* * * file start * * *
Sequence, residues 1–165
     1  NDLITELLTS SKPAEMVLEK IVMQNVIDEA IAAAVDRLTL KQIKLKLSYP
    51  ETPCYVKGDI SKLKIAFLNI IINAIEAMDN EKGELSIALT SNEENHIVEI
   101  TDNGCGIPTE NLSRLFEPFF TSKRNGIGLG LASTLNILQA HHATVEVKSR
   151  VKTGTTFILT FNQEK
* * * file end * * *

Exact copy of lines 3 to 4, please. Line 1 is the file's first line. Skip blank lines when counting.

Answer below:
    51  ETPCYVKGDI SKLKIAFLNI IINAIEAMDN EKGELSIALT SNEENHIVEI
   101  TDNGCGIPTE NLSRLFEPFF TSKRNGIGLG LASTLNILQA HHATVEVKSR